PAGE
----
April 22, 2013

Finding safe and effective cures to disease and illness does not have to go against moral and ethical principles; that was the message of a three-day conference at the Vatican on adult stem-cell therapies.

“To address global suffering, one does not have to choose between faith and science,” said Dr. Robin Smith, chairman and CEO of the for-profit NeoStem biopharmaceutical company and president of its nonprofit Stem for Life Foundation.

The two groups helped sponsor the April 11-13 conference together with the Pontifical Council for Culture and its foundation – STOQ International, which is an acronym for Science, Theology and the Ontological Quest.

The groups’ second International Vatican Adult Stem Cell Conference focused on regenerative medicine and how new discoveries are being made for treatments of multiple sclerosis, cardiovascular disease, cancer, diabetes, and organ and tissue repair.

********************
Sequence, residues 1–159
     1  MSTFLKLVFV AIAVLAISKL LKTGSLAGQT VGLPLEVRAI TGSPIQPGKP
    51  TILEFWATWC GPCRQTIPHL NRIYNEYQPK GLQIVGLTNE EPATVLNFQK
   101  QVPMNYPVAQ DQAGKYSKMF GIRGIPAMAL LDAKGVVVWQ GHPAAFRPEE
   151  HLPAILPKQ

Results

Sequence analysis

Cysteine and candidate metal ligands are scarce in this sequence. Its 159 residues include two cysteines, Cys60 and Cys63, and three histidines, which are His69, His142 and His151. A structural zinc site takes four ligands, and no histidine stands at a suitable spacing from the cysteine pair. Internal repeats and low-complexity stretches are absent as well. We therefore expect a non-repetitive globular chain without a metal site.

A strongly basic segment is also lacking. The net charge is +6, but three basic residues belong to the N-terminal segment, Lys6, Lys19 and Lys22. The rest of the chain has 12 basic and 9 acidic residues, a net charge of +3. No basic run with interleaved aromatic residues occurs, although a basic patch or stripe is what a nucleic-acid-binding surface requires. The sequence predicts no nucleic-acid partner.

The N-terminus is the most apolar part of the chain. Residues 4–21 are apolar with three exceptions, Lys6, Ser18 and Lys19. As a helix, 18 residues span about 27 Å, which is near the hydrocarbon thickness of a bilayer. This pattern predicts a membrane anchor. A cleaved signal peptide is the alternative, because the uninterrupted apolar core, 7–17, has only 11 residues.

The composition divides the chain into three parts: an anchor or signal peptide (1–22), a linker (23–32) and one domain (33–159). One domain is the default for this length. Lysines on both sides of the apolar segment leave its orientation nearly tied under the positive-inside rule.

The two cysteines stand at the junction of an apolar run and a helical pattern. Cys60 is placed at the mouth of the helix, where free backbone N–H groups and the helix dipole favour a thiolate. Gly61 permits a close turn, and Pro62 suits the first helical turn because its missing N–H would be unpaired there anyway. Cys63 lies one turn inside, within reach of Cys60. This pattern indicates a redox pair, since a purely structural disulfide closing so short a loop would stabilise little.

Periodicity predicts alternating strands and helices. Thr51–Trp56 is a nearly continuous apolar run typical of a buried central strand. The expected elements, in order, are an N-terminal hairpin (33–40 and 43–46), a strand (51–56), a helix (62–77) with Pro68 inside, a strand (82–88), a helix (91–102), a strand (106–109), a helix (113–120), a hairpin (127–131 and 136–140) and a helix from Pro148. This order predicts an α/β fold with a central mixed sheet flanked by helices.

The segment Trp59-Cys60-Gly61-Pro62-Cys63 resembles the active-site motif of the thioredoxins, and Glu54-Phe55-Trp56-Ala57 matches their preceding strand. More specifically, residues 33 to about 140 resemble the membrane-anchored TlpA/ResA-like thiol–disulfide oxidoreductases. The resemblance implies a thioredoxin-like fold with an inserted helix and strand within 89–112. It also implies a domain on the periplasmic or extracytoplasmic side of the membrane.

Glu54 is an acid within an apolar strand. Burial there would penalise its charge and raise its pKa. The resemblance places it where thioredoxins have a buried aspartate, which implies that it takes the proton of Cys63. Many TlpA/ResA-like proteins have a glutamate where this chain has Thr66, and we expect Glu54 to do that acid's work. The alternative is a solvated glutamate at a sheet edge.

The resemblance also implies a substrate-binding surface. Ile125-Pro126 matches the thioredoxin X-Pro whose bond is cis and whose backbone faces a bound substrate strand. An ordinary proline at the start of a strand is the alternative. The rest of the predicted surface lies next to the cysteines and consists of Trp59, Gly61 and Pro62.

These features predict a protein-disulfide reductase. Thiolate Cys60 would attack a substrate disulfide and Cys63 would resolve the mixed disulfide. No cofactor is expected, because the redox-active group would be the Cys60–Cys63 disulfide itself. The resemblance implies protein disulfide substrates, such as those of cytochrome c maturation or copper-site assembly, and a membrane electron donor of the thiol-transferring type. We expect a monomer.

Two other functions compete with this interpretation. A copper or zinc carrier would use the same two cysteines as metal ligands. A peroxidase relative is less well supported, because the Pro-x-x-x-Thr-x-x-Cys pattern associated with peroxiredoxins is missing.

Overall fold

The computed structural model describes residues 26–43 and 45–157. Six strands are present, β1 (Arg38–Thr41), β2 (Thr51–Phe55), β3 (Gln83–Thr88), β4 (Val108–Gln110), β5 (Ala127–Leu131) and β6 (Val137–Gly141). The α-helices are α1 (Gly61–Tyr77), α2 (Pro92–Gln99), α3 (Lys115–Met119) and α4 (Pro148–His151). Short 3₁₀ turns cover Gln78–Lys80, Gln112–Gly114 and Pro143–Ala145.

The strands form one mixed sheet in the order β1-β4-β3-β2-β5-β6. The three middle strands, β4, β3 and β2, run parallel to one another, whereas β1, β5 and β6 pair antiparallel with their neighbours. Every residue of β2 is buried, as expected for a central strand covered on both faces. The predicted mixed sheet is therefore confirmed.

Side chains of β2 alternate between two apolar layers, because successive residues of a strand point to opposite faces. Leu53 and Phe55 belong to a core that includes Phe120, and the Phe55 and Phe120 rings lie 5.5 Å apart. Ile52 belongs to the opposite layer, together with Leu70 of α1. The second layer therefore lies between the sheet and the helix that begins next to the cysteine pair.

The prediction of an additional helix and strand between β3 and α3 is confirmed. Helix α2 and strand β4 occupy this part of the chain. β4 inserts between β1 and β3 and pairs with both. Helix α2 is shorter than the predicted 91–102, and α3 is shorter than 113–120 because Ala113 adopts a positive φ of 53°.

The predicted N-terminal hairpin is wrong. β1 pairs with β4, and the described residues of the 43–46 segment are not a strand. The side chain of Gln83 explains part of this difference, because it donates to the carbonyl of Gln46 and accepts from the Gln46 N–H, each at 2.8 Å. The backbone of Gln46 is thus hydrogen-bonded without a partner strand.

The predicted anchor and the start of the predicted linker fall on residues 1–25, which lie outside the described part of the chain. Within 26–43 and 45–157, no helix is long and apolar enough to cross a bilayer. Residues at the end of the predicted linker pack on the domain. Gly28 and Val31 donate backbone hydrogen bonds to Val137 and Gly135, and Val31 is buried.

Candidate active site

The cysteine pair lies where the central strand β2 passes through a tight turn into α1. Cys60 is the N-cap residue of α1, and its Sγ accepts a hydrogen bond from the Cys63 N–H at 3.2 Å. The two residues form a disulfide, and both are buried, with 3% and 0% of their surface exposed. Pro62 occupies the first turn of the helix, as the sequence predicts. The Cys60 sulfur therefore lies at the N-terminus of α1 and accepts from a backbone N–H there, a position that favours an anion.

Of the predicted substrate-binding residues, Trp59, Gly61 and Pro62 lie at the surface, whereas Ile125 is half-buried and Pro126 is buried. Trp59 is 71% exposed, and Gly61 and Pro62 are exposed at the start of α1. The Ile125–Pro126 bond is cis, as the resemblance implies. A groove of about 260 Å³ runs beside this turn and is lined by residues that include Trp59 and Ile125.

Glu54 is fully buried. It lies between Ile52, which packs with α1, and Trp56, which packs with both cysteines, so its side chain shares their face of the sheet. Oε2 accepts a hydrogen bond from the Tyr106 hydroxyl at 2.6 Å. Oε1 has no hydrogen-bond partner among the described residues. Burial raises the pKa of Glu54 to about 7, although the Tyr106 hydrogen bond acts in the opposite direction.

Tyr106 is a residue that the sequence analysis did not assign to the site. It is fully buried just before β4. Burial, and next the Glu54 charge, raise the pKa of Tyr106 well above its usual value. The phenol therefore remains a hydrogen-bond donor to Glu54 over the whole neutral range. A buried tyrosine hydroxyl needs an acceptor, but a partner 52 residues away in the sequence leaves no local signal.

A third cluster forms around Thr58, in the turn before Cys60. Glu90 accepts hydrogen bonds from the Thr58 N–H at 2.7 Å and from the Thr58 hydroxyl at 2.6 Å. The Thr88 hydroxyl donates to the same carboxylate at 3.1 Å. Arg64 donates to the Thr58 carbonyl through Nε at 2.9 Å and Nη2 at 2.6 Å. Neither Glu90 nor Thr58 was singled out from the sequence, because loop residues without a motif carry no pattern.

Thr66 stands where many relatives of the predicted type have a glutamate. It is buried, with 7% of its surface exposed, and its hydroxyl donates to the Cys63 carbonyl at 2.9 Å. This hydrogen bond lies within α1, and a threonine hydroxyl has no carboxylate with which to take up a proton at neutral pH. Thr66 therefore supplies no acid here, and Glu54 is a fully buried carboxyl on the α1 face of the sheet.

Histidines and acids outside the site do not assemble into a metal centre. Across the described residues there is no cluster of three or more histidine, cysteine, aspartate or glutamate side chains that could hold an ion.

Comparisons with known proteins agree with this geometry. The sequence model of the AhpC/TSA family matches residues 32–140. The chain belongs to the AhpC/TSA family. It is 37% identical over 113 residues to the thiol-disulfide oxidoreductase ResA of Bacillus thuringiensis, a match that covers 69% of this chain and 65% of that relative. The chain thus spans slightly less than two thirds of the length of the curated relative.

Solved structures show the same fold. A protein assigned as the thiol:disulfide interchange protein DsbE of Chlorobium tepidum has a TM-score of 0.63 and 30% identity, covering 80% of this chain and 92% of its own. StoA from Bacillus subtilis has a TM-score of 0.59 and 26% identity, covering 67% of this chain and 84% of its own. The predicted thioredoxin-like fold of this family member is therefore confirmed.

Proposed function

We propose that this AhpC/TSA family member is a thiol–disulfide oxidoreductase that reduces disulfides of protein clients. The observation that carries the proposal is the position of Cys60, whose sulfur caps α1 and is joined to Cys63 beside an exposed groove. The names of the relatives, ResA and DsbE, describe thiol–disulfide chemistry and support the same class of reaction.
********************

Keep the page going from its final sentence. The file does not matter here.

Smith told journalists before the conference that the main aim was educating the public about the promises offered by adult stem-cell therapies, “which come with no ethical blemishes.”

“The political arguments that erupted over the last 20 years” over embryonic stem-cell science, “have created great confusion” and “ultimately clouded global awareness of the ethical research” found in adult stem cells, she said.

The Catholic Church opposes any research that harms the human embryo. However, the Church supports research and therapies using adult stem cells, which can develop into a variety of specialized cells, alleviating degenerative illnesses by repairing damaged tissues.